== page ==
Filmmaker Sofia Coppola favors the berry-hued balm, which she uses on her lips. Gwyneth Paltrow is a fan of the currant-colored balm, dabbed on cheeks and lips.  And a certain NBA superstar favors the menthol balm for its refreshing tingle.

The products that have gained favor with the celebs? Olio e Osso, a Portland, Oregon-based skincare line that includes the balms, oils for face, body and shaving; and a pomade made of simple, natural ingredients like olive oil, beeswax, shea oil and plant extracts.  

The line was founded by Paola LaMorticella, a stylist and makeup artist, who tinkered with skin balms and oils when she discovered her then-young son wasn’t responding to commercially available products to soothe his sensitive skin.  

LaMorticella grew up in a rustic cabin in the Oregon woods, where her parents—theater people who were among the founders of the fabled San Francisco Mime Troupe during its Haight-Ashbury era—had retreated to get back to the land.  “We lived in a one-room cabin with no running water,” LaMorticella recalls. “We didn’t have TV, we didn’t have anything. We learned to make everything.”

As a teenager, she apprenticed with Ric Young, a costume designer for theatrical companies, honing her “making” skills to create costumes for Shakespearean plays and other productions.  The gig led her to do styling for commercials and low budget films, and to getting her cosmetology license so she could do hair and makeup.

Along the way, LaMorticella often couldn’t find exactly what she needed for a project, so she would go back to her roots and mix something up.  “I work a lot with athletes on photo shoots and commercials,” she explains, “so sometimes, if I needed them to look dirty, I would bake dirt in the oven to make into a pigment I could apply to their skin.”

After her son was born, LaMorticella also went back into her kitchen to mix up something for his tender skin.  “I always went back to olive oil,” she says. “I grew up in an Italian family, and we used to buy it by the gallon.” Her balms worked for her son, and she began experimenting with other products, handing them out to family and friends for feedback.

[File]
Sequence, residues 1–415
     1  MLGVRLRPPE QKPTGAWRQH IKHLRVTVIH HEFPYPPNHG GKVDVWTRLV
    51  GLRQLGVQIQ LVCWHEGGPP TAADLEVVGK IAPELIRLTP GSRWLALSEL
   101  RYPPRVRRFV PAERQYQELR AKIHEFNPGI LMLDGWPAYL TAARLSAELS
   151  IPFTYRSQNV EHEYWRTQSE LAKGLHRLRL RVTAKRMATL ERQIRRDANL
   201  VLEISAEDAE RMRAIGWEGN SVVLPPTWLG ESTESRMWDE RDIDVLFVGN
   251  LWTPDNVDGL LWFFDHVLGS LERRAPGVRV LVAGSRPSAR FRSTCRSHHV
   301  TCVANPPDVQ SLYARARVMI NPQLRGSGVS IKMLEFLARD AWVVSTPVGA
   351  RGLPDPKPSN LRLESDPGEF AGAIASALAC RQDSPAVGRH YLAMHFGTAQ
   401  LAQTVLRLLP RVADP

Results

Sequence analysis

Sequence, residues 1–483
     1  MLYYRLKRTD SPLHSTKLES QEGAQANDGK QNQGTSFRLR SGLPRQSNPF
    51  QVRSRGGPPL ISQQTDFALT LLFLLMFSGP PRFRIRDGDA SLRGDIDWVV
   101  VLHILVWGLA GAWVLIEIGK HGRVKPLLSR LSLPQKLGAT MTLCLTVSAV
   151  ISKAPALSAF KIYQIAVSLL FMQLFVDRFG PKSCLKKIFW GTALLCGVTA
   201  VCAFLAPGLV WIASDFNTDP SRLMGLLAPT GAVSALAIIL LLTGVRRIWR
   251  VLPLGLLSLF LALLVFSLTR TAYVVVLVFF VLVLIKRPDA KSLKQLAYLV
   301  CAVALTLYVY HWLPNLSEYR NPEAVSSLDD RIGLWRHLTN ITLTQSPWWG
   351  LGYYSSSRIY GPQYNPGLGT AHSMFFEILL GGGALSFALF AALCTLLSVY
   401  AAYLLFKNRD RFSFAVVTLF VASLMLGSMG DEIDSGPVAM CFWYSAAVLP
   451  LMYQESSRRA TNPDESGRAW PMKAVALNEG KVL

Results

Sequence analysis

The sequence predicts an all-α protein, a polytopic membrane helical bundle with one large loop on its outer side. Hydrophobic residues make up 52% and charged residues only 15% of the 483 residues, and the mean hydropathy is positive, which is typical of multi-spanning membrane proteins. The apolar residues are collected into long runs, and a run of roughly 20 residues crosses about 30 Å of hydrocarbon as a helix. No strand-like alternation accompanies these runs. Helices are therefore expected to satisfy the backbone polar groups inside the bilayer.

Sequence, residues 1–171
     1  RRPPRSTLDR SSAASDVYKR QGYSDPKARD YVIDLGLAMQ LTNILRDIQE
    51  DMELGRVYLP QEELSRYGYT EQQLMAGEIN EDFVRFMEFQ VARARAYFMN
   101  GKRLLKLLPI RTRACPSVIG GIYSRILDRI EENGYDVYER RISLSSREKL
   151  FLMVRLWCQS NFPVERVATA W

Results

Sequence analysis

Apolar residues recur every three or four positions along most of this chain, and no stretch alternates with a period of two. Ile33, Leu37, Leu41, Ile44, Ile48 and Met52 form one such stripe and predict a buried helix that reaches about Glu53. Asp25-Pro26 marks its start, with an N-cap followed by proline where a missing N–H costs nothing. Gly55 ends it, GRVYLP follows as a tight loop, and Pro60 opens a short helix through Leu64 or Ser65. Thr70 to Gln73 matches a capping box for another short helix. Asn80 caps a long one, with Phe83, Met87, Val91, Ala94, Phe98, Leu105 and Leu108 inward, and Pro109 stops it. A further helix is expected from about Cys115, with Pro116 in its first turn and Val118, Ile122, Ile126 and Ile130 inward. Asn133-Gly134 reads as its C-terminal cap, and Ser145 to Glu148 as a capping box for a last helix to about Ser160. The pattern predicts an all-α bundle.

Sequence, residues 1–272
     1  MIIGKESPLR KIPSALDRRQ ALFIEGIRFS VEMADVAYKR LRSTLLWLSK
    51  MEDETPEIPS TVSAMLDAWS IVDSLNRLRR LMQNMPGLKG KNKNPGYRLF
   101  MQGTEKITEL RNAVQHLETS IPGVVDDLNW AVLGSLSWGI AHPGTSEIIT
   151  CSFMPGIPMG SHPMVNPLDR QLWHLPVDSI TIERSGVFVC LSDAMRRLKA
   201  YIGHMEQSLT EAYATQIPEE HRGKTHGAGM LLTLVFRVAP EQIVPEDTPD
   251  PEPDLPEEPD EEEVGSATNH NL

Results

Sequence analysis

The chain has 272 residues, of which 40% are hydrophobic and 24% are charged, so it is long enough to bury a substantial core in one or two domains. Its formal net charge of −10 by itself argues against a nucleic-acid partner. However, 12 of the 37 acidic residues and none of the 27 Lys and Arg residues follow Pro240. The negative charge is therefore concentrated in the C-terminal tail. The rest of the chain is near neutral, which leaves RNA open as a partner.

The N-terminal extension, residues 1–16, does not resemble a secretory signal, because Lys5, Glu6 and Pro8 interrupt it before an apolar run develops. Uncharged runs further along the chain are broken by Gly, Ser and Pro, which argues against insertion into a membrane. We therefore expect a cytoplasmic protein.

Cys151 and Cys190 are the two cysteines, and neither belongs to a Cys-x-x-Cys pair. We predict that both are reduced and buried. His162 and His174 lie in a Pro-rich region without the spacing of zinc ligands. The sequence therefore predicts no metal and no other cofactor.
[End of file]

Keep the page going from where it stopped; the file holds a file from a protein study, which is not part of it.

By 2012, LaMorticella launched Olio e Osso (Italian for oil, which she says is life-giving, and bone, which signifies strength and structure), moving it from her kitchen into a commercial facility and lab. LaMorticella still remains careful about her ingredients, believing less is more and fresher is better. “I use simple things,” she says, “and we try to source things locally, then regionally and nationally. We list the ingredients on the package. We avoid chemicals and don’t use preservatives—that’s why we have a ‘best by’ date on the products.”

Now with some 20 products (and more under development) that can be used by both men and women, Olio e Osso is housed in a 2,000-square-foot vintage bakery, where ten colleagues make, package and ship the products.  This leaves LaMorticella with a bit more time to create new balms and keep up on her styling projects, including recent work in San Francisco, New York and Austin. She also believes in community, often donating her products to be used in swag bags for charitable events.

“I create what makes sense,” she says, summarizing her Olio e Osso philosophy. “We use the fewest ingredients to make basic, solid products that do more than one thing.  You really don’t need to use a lot of creams, serums and toners on your skin. Things should be simple.”

The complete Olio e Osso Balm Collection is available at  
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